We know vitamins are critical for our overall health, but when applied topically, how exactly can they benefit our skin?
Vitamin A is widely-considered among the most effective skin-care ingredients around. It comes in many forms, though its most famous derivative is the over-the-counter retinol. It works by binding to receptors in skin cells, in turn strengthening the protective function of the epidermis, protecting collagen against degradation, and stimulating skin cell turnover. For the same reason, vitamin A is a powerful acne fighter, too.
Unlike other vitamins, vitamin B refers not to a single vitamin, but a group of them. There are eight different types: thiamine (B1), riboflavin (B2), niacin (B3), pantothenic acid (B5), B6, biotin (B7), folate (B9), and B12.
A form of vitamin B3 called niacinamide is one of the B vitamins most commonly found in skin care. Niacinamide is best known for helping skin maintain its normal barrier function, and reducing dryness and soothing related conditions like eczema. It increases the level of lipids — called ceramides — in the skin, making it ideal for moisturizing. It can also improve the appearance of your skin tone and texture.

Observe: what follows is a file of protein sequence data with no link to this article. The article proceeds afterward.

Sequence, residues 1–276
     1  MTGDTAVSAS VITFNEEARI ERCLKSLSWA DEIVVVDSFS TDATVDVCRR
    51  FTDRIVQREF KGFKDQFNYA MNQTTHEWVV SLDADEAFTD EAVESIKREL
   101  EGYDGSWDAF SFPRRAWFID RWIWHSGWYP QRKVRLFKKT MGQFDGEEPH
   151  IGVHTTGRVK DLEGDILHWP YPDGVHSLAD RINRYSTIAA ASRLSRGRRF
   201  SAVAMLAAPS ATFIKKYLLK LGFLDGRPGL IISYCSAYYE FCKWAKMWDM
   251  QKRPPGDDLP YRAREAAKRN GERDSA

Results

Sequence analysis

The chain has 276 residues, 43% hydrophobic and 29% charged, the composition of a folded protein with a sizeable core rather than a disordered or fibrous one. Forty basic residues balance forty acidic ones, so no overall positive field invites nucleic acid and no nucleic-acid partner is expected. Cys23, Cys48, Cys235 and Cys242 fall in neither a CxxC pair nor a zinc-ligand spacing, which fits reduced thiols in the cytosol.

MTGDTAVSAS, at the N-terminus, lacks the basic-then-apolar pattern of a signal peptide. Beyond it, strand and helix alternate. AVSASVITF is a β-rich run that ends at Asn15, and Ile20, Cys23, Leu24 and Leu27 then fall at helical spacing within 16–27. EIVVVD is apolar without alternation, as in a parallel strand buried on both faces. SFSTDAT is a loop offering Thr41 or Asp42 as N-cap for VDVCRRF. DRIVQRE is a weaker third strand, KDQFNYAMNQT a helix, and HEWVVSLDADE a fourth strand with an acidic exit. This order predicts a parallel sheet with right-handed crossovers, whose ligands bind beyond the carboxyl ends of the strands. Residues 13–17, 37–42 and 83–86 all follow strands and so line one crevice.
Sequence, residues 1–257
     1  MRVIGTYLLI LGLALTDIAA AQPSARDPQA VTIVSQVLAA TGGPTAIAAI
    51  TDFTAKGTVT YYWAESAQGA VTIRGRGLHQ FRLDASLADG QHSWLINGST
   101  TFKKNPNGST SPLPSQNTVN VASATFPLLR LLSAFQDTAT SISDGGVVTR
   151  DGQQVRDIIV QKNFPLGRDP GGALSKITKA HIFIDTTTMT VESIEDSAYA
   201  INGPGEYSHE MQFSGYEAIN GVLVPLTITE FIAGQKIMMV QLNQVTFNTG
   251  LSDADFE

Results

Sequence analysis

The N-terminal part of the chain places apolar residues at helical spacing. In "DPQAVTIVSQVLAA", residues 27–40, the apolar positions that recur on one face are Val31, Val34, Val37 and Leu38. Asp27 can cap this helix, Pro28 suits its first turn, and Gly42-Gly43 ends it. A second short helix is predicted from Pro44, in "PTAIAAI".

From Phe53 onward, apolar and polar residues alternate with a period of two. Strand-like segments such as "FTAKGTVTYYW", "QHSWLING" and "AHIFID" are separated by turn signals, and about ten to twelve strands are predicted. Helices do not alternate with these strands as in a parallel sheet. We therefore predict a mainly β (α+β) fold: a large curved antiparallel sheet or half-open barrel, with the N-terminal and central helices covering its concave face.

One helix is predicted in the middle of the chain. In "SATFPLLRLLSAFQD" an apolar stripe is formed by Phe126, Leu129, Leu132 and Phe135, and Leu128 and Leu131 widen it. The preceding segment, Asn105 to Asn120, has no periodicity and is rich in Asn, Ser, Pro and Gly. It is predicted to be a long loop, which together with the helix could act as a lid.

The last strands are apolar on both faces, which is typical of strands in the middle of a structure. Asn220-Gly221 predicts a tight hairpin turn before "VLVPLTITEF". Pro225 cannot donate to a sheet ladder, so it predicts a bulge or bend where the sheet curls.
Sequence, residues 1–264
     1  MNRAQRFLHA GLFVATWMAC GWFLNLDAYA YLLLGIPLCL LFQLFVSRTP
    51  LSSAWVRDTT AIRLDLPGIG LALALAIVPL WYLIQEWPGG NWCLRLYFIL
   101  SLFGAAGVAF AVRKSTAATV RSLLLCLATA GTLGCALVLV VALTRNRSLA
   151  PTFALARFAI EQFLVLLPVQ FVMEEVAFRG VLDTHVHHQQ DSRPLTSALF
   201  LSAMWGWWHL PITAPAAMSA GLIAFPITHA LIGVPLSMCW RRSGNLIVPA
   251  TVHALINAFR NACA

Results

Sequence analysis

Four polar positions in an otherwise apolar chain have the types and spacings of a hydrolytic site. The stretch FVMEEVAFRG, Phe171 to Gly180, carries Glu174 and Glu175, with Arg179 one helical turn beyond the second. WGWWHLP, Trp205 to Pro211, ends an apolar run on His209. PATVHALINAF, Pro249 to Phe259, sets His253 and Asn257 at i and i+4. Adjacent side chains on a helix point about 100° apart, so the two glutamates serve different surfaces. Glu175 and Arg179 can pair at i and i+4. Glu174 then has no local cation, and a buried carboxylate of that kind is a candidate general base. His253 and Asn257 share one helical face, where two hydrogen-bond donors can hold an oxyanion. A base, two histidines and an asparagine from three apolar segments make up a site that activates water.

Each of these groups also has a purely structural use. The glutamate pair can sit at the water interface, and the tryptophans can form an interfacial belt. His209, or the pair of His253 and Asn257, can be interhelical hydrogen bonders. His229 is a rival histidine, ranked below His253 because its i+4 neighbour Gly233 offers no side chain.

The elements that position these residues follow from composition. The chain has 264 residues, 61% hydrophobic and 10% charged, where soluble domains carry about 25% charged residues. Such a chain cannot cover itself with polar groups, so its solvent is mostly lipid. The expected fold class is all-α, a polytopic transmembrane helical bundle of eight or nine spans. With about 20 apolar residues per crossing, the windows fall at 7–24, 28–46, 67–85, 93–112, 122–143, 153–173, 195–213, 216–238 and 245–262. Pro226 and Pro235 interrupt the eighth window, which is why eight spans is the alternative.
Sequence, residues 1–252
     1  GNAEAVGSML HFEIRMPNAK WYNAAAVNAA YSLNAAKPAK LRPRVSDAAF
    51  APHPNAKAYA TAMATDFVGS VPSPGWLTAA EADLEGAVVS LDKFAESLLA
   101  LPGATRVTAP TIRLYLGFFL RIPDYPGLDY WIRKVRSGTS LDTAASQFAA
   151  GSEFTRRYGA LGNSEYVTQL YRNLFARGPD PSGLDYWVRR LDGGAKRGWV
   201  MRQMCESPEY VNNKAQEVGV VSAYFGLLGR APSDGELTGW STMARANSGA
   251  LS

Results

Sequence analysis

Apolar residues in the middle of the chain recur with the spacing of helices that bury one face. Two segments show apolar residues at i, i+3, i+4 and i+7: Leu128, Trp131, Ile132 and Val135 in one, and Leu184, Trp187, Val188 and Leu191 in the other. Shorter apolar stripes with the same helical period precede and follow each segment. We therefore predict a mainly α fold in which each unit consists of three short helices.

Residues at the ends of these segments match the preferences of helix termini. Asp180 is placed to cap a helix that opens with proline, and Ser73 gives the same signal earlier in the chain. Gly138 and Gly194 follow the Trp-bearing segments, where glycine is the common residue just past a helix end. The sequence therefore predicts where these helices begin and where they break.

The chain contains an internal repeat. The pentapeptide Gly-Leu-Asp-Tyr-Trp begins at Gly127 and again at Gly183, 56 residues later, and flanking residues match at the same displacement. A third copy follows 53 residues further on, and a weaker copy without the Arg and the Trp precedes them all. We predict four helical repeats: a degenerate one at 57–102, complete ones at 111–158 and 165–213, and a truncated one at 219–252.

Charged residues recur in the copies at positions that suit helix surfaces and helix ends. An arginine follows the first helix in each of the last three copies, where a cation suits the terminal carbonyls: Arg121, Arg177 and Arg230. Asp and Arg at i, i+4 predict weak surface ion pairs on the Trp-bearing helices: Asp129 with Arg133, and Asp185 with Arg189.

Vitamin B5 — also known as pantothenic acid — is another important B vitamin that’s often used in skin care. Panthenol improves skin hydration, reduces moisture loss, and has anti-inflammatory effects, making it beneficial for those with irritated skin.
Vitamin C — also called L-ascorbic acid — is an antioxidant that boosts collagen production, decreases pigment formation, and protects against environmental stressors. Like other antioxidants, vitamin C neutralizes free radicals to protect against damage caused to skin cells by things like pollution and UV rays.
Vitamin E — called alpha-tocopherol — has been a staple in the skincare industry for a long time. One of the most popular applications is the treatment of burns, surgical scars, and wounds; studies are mixed about whether it’s actually beneficial, though. It also protects skin-cell membranes from oxidation by free radicals, specifically when the skin is hit by UV rays.
Technically known as phytonadione vitamin K is a fat-soluble vitamin. It is thought to be able to reduce inflammation, redness, and swelling. It can even benefit skin conditions such as eczema.